While there has been much attention given to drunk driving and distracted driving, at least one organization directed to automobile safety has called for greater awareness of the ongoing problem with speeding motorists.
According to the Governors Highway Safety Association, there are still too many people who are dying on the roads of Eastern Michigan because of drivers who were traveling over the speed limit.
Teens and speeding – how big is the problem?
The problem with speeding is particularly pronounced among the youngest legal drivers. For example, just over 2,075 teens died in car accidents in 2019. The number is actually the lowest it had been between 2015 and 2019.
During these years, 43% of these fatalities involved speeding. By contrast, only 30% of people 20 and over who died in car accidents where authorities determined speeding was a contributing factor.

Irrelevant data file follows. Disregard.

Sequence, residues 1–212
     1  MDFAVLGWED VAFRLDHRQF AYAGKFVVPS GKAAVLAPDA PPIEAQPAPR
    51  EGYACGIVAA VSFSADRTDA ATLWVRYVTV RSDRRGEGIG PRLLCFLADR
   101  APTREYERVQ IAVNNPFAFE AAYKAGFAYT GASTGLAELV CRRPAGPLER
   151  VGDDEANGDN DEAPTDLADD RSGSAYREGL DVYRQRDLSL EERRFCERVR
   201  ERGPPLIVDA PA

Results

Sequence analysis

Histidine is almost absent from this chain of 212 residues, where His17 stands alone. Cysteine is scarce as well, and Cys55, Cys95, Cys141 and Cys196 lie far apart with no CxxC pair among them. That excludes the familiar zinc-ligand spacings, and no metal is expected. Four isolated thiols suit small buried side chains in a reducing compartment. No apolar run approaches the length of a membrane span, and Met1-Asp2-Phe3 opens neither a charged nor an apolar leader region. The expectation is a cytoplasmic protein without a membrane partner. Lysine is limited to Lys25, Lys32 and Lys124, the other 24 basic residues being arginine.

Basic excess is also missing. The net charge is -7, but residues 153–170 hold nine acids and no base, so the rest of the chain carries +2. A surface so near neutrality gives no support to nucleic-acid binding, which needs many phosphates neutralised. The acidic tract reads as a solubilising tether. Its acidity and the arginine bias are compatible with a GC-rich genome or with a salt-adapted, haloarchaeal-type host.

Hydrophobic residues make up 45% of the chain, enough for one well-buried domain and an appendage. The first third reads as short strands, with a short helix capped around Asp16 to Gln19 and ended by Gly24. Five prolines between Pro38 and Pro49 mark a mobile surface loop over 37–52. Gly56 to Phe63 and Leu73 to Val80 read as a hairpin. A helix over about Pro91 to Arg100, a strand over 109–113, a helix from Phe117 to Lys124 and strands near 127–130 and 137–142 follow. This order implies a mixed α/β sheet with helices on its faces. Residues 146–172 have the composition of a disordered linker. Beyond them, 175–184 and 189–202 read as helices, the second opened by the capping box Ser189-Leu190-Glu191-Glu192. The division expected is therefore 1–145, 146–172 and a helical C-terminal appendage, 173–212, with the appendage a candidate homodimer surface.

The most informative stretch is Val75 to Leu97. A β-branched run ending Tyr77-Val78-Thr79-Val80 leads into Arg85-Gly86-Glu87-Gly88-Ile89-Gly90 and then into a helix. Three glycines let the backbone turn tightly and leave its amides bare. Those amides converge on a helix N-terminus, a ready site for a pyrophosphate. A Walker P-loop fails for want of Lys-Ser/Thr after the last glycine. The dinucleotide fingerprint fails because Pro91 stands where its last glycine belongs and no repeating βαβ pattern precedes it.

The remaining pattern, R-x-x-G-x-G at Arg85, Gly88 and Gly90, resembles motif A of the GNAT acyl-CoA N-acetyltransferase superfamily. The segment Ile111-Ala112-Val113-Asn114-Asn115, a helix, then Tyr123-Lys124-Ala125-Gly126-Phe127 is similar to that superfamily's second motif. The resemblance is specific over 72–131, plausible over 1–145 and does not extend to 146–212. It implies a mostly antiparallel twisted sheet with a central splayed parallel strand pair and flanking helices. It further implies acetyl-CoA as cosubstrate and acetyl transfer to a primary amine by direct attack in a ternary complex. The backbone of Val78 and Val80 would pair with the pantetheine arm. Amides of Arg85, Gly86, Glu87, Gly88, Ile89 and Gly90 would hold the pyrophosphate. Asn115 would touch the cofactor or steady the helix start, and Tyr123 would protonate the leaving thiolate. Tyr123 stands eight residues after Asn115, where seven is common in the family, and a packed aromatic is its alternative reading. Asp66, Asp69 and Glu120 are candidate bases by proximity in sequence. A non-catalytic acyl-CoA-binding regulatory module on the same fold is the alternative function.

The percentage of deadly accidents related to speeding also show that younger drivers, particularly younger male drivers, are more prone to having a lead foot. Among drivers under 30, speeding plays a role in about 1 out of 3 of all fatal accidents.
Once drivers hit middle age, only about 1 in 4 of all fatal accidents are related to speeding, and the percentage is even lower for drivers over 65.
Teens and their parents may be held accountable for accidents
Those who prepared the report encouraged parents to make sure they observe the speed limit and slow down when necessary if only to set a good example for their teen drivers. They also said that parents should not hesitate to monitor their kids’ driving habits and also lamented the decline of driver education classes being offered at public schools.
In any event both teens and their parents may wind up paying compensation for a victim’s injuries or death if a teen driver speeds and causes an accident.